Thousands of employees who have been working from home since mid-March are now facing a new possibility: they might never see the inside of their companies’ offices again. Twitter Inc., became the latest to raise the possibility of a permanent shift in workplace policy when it reportedly told employees that it would keep remote-working protocols necessitated by the coronavirus pandemic in place indefinitely. 

The move follows late April’s decision by Waterloo, Ont., headquartered OpenText to close 50% of its office locations around the world, leaving 20% of its workforce without a fixed office. OpenText chief executive Mark Barrenechea said the shift wasn’t primarily about saving money, but about taking a fresh look at how his organization is shaped. “It also is going to allow us to go after talent that we weren’t able to go after before, because our talent has always been tied to a physical space.” OpenText made its decision earlier than most, but experts in the world of commercial real estate say that companies all across North America are rethinking their real estate footprints, and the long-term effects could transform the way we live.

Ray Wong, vice president of data operations at Altus Group, a commercial real estate services company, said that there are a lot of different effects on commercial real estate as a result of the pandemic. For example, on the one hand companies will need less space, because more people will be working from home. But at the same time, companies will need more space to accommodate physical distancing requirements until a COVID-19 vaccine is developed. Wong said that there’s so much uncertainty around the future of the virus, that leaders will need to plan for flexibility, as they enact temporary distancing measures to reduce risk.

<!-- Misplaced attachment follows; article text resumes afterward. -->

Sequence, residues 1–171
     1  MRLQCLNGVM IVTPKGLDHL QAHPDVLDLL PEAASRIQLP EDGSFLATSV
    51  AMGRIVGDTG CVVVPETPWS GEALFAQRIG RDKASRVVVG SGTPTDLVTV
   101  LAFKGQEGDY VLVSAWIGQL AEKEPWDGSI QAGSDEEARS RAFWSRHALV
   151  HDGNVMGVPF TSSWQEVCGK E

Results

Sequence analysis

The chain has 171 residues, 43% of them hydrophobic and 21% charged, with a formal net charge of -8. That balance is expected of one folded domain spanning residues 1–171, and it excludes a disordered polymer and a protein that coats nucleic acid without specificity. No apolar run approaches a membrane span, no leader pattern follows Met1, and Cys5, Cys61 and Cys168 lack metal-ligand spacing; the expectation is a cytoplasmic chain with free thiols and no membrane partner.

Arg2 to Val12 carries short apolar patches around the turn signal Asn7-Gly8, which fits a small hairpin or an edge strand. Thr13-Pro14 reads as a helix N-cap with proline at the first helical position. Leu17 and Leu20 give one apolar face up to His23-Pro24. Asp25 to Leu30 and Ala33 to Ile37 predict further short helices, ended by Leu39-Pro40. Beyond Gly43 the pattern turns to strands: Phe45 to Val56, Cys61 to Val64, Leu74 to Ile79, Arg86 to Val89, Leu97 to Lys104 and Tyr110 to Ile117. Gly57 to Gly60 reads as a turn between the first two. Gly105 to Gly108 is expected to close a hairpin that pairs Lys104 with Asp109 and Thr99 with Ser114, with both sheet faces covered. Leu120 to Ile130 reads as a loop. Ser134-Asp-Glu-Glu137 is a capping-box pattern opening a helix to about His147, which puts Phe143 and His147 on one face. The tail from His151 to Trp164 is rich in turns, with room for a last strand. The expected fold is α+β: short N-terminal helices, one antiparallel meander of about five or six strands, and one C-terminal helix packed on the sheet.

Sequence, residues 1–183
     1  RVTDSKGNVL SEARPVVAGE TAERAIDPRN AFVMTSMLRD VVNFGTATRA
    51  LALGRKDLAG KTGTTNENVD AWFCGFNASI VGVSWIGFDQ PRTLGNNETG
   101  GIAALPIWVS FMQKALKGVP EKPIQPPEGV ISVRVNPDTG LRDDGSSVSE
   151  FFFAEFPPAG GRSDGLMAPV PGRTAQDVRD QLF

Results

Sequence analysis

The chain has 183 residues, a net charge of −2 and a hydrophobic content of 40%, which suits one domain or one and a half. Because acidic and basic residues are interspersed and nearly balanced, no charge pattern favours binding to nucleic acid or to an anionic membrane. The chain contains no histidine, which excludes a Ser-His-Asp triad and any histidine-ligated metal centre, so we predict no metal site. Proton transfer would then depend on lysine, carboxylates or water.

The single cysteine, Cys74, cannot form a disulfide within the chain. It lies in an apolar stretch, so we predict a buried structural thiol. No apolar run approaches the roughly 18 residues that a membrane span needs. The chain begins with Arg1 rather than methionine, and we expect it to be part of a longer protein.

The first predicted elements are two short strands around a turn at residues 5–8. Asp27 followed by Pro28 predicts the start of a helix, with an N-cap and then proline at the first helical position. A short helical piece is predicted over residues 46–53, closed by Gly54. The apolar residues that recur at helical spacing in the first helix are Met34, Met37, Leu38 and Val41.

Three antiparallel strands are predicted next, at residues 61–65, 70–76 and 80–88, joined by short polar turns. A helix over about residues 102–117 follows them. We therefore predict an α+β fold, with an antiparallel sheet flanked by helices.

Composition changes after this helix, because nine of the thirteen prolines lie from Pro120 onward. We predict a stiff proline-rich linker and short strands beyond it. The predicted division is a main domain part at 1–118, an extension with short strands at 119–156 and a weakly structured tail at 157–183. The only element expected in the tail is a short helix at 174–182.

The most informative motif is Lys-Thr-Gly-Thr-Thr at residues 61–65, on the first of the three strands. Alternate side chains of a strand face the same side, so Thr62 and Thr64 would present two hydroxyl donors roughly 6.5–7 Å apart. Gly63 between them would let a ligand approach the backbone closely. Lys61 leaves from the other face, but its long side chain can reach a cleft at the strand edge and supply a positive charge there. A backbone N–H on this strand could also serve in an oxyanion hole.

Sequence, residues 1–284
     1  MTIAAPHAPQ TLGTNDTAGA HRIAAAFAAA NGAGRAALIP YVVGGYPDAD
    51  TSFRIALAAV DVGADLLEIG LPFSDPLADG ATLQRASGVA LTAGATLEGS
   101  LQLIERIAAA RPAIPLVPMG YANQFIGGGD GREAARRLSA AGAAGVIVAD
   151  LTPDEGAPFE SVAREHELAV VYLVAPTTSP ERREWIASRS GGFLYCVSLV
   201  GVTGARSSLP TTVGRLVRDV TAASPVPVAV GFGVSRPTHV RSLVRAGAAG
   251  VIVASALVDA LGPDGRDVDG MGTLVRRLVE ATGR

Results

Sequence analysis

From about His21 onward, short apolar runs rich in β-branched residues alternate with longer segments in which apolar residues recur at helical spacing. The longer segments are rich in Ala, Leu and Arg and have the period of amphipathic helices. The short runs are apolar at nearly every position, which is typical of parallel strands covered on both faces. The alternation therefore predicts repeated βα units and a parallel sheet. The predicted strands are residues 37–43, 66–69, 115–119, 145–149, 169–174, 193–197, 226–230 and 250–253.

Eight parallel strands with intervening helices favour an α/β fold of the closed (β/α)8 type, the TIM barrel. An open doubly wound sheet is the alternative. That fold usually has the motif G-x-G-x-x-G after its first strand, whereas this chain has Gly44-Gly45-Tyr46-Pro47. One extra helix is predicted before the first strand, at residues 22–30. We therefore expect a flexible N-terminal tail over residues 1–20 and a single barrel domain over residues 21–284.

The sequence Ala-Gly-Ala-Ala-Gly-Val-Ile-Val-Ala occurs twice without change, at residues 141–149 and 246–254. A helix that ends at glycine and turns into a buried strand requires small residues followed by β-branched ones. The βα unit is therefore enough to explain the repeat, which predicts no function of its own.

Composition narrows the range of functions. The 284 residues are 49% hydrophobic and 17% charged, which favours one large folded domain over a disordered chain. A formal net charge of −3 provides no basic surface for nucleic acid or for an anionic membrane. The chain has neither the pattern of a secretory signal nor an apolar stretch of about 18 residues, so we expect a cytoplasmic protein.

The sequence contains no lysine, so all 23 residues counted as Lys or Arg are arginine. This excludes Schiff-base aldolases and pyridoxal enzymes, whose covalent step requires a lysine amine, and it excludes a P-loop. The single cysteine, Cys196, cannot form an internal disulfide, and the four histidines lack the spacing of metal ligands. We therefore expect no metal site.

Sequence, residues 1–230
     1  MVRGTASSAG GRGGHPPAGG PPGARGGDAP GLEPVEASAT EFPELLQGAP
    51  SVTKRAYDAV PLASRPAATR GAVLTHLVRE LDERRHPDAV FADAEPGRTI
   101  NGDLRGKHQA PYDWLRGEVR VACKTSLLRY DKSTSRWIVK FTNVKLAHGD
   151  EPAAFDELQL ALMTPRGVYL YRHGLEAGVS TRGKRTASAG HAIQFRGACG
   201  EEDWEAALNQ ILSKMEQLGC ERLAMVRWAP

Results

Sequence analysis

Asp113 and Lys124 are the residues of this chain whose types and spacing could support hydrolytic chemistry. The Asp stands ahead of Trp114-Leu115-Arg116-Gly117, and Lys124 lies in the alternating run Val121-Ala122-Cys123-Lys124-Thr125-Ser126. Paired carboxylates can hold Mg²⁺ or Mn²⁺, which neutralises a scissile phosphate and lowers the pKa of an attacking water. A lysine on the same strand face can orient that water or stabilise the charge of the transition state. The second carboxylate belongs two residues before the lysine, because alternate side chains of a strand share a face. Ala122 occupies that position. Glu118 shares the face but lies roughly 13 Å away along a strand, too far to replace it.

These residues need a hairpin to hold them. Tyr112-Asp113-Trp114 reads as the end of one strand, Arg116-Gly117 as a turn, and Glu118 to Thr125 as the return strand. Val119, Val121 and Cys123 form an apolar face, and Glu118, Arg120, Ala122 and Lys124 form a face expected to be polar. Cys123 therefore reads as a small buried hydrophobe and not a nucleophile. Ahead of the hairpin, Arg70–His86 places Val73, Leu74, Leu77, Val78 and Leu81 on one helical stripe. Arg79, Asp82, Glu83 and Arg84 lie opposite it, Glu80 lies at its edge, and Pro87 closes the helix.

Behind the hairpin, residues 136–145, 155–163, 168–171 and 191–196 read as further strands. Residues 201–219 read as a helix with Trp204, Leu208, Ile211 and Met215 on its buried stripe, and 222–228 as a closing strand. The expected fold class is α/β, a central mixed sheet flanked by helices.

Wong said it’s still too early to make any firm declarations about how the pandemic will shape the physical footprint of companies over the long term. Commercial leases tend to be renegotiated months, or even years before they expire, and if a business wants to downsize its space, that takes a lot of time and planning.

Companies’ office space decisions will turn on how well governments are able to do testing and contact tracing to slow the spread of the disease, and how long it takes before a vaccine is available.The pandemic hit at a moment when office density was already at an all-time high.

“Everyone is trying to reduce their footprint, so the average square feet per employee has been dropping for the last 15 or 20 years,” Wong said. “So the overall trend of having less space and having a smaller footprint has always been in discussion.”

The drive for greater flexibility and density was what led to the rise of co-working spaces such as WeWork, where companies could rent individual desks or small spaces in communal office environments.That trend has led to a flood of calls recently for Breather, a company based in Montreal and New York that provides flexible, private office space.

“We’re getting a lot of phone calls from companies that are looking to leave co-working for private spaces, but on flexible terms,” Breather chief executive Bryan Murphy said. “No one wants to sign a direct lease right now, because of the uncertainty.”

Murphy echoed Wong’s comments about density, saying he expects companies will need to put more space between workers. But Murphy said he also expects some companies will be able to make video conferencing and other collaboration tools work, so they aren’t as tightly tied to the downtown core of a city.

The bottom line is that the pandemic has forced companies to make crisis decisions, and forced a lot of executives to see that remote working was a viable choice.Now that business leaders can see the potential to rely significantly on workers who don’t come into the office every day, it forces executives to rethink a lot of other things about their operations.

“I think that the change in the technology platforms in the last four to five years has been very significant in terms of creating enabling technologies,” Murphy said. “What’s been missing is sort of senior-executive buy in.”

Source: Financial Post